Lena McCullum was in her early twenties when she had her first lung collapse. “My son was only two years old and we were tobogganing. I had pulled him up the hill and when I got home, I couldn’t breathe. They took me to the hospital and told me that my lung had collapsed,” explained Lena.
“During my twenties, thirties and forties, I had four lung collapses in total. The doctor had told me to quit smoking but I kept thinking, ‘just one pack more’ or ‘tomorrow I’ll quit’.
I was diagnosed with COPD about 15 years ago. I had some testing done before I went to Nova Scotia to visit my family. When I got back, I thought I had bronchitis. So I went to another doctor, who saw the results from my testing. He said, ‘I see you have emphysema.’ Well, I just about jumped out of my chair.”
Emphysema is one of the breathing diseases that’s part of COPD. Learn more about COPD, the new name for emphysema and chronic bronchitis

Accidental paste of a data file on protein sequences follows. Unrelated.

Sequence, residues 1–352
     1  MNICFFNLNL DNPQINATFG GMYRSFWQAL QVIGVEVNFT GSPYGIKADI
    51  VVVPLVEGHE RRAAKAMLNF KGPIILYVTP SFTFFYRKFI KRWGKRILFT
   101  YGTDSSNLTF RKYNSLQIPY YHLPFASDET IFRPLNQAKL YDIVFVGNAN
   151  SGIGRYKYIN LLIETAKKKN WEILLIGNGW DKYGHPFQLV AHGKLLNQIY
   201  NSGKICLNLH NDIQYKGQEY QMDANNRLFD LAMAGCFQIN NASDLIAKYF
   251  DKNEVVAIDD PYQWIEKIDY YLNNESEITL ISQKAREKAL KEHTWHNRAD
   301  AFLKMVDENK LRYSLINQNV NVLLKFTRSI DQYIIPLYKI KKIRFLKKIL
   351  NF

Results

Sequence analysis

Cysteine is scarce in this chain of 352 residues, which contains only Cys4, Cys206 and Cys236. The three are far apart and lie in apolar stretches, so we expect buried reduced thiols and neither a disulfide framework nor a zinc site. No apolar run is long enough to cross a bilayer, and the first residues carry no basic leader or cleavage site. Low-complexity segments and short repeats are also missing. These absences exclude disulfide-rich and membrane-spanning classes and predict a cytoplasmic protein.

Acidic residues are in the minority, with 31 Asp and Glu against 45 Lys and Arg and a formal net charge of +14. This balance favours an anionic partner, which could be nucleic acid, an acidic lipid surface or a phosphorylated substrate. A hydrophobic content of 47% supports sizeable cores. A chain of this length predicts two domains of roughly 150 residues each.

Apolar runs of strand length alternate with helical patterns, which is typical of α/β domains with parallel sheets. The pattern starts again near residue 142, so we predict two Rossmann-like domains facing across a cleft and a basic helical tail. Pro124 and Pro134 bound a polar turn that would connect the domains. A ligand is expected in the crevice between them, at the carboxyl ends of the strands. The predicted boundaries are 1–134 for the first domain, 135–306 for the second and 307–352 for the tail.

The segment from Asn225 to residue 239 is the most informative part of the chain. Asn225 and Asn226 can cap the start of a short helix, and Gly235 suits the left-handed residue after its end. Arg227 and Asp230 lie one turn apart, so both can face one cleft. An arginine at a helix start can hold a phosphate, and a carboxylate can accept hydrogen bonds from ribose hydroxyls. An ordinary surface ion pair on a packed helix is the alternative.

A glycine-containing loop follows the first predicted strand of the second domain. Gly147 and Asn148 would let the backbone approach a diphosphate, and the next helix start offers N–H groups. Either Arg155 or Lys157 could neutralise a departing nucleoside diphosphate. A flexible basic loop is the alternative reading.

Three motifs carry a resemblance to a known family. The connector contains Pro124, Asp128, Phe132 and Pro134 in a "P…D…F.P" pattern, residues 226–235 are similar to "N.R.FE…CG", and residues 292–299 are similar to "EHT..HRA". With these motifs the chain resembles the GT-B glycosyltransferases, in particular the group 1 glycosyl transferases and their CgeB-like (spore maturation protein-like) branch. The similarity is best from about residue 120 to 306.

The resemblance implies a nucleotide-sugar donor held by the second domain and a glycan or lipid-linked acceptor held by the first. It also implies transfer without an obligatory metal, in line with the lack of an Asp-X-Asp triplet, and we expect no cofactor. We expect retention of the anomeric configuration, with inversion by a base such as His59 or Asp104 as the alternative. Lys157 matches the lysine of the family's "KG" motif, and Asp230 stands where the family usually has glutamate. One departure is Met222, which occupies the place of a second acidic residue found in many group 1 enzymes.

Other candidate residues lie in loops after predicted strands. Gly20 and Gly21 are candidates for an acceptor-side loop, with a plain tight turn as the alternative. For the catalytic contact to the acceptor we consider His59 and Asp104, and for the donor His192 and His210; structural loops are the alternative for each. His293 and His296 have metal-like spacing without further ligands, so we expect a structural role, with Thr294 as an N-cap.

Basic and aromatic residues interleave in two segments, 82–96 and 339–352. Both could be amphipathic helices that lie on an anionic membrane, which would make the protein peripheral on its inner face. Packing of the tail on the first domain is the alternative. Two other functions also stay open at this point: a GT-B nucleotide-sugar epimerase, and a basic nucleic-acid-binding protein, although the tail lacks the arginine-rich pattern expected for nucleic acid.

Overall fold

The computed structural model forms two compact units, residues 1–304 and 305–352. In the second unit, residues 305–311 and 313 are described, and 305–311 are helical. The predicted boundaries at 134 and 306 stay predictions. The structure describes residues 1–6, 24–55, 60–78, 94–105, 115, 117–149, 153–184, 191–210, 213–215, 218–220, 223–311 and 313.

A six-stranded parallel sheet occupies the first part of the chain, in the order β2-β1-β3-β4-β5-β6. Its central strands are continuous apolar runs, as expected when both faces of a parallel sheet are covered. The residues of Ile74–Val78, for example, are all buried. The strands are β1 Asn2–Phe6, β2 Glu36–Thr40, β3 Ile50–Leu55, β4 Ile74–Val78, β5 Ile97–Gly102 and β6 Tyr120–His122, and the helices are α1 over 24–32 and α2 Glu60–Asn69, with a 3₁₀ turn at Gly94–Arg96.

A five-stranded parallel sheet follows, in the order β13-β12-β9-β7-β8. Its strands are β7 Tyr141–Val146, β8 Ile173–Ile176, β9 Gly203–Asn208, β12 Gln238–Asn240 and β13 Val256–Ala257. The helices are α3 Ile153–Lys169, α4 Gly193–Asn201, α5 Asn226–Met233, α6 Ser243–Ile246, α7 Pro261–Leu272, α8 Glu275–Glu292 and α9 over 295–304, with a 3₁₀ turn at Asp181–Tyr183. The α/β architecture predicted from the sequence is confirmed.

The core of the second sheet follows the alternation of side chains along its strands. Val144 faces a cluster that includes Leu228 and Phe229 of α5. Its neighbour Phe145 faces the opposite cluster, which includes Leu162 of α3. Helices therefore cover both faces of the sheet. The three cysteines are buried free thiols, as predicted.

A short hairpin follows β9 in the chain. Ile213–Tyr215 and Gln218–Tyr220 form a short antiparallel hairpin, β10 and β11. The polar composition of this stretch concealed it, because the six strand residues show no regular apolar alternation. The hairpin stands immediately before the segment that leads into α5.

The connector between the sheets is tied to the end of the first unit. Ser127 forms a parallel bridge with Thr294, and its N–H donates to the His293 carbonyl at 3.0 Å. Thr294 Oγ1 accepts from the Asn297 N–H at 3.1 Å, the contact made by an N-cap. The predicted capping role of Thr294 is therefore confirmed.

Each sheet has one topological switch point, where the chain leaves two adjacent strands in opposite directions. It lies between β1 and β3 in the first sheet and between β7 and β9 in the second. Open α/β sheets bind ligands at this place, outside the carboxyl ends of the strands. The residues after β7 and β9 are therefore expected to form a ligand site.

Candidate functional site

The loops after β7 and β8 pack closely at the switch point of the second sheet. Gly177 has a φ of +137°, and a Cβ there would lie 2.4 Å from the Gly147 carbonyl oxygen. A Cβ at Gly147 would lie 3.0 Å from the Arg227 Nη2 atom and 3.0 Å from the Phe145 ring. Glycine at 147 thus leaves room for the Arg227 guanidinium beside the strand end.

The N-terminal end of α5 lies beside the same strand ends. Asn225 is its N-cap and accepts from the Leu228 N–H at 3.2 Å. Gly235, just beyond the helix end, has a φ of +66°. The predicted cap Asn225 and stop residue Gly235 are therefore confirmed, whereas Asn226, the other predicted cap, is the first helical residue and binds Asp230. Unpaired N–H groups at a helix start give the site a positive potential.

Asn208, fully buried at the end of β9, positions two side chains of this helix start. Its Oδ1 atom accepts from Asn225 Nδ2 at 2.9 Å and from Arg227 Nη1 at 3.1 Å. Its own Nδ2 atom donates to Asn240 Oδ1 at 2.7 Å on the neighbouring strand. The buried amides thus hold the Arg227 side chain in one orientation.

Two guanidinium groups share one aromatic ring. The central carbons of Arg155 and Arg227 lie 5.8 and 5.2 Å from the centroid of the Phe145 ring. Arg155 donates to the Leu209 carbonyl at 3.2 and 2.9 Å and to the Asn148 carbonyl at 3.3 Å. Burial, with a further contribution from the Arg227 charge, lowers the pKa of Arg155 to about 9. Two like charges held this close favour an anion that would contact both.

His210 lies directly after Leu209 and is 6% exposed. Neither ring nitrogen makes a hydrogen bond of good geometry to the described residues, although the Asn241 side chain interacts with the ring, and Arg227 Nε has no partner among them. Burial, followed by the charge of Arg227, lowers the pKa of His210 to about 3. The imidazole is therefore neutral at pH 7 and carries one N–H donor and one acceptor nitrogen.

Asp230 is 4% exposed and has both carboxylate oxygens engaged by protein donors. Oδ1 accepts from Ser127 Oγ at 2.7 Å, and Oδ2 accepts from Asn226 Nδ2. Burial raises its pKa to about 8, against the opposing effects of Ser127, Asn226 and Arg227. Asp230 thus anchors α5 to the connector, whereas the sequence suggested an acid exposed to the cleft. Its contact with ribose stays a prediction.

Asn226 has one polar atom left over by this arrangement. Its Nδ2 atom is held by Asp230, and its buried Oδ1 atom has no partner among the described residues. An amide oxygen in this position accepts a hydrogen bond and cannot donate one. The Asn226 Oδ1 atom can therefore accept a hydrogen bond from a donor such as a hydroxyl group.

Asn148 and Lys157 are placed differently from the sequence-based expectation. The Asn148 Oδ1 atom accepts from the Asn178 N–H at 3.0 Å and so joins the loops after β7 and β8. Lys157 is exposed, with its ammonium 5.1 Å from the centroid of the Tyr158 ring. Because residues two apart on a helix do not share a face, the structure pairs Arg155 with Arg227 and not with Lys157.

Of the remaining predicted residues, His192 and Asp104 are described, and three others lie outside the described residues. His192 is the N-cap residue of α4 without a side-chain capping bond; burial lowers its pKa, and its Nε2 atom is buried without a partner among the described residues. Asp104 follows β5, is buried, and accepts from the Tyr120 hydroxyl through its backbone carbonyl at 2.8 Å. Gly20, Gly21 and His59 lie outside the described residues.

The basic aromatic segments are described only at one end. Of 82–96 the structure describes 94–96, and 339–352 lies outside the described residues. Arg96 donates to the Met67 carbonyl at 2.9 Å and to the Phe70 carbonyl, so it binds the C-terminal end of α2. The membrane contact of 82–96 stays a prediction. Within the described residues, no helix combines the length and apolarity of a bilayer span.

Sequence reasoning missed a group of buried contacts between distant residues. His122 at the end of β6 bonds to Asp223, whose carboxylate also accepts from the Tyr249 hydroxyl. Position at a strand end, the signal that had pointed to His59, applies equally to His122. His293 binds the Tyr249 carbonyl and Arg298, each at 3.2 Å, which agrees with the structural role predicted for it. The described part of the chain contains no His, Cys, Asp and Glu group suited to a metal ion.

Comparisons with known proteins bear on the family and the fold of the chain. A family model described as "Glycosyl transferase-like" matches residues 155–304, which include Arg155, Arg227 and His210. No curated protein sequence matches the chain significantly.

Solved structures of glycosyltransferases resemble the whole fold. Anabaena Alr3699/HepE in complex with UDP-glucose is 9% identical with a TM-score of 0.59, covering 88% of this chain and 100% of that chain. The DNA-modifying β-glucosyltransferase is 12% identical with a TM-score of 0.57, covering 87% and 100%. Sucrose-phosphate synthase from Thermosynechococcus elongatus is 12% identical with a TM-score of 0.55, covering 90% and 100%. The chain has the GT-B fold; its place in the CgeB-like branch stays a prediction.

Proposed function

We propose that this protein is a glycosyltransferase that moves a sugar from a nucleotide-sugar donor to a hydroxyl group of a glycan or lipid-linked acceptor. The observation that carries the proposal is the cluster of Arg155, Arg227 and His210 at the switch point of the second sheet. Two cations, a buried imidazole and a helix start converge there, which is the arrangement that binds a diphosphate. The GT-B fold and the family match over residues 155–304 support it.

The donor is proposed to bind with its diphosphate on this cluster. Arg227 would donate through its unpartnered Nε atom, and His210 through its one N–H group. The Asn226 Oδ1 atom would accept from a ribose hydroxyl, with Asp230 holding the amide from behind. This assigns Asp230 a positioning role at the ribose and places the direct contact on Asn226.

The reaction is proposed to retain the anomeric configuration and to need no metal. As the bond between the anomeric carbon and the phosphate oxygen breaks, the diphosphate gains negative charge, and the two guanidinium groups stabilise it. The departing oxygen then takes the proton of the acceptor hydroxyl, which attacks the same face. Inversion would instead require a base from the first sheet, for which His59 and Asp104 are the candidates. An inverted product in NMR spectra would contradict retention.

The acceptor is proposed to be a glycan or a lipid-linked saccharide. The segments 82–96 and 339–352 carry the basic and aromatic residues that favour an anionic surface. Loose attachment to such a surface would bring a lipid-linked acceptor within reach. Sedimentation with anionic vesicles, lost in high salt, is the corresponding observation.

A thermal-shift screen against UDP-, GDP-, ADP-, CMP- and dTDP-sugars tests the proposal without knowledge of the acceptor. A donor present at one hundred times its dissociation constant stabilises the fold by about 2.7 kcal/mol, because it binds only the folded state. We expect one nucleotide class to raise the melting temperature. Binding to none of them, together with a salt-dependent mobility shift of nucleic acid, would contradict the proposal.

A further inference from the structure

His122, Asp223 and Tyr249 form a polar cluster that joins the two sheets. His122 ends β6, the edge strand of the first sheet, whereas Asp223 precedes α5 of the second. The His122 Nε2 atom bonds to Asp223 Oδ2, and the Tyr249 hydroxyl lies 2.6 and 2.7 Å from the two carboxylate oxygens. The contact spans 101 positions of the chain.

“My father had died of emphysema. Two aunts and two uncles died from it, too. So I knew its name, but I really didn’t think about it happening to me. My whole family smoked. My two sisters had quit smoking years ago because they had seen Dad dying of emphysema. But I wasn’t there when he was dying. I didn’t realize how difficult breathing with COPD could be – it’s like breathing through a straw,” explained Lena.
Post script: Lena had a double lung transplant and was doing well. But in 2012, she died of pancreatic cancer. Before she died, as part of her wish to encourage others to quit or not take up smoking, Lena agreed to have her photo and quote on the new graphic warnings found on cigarette packs. “If I could tell one thing to other smokers, I’d tell them: Please don’t smoke,” she said.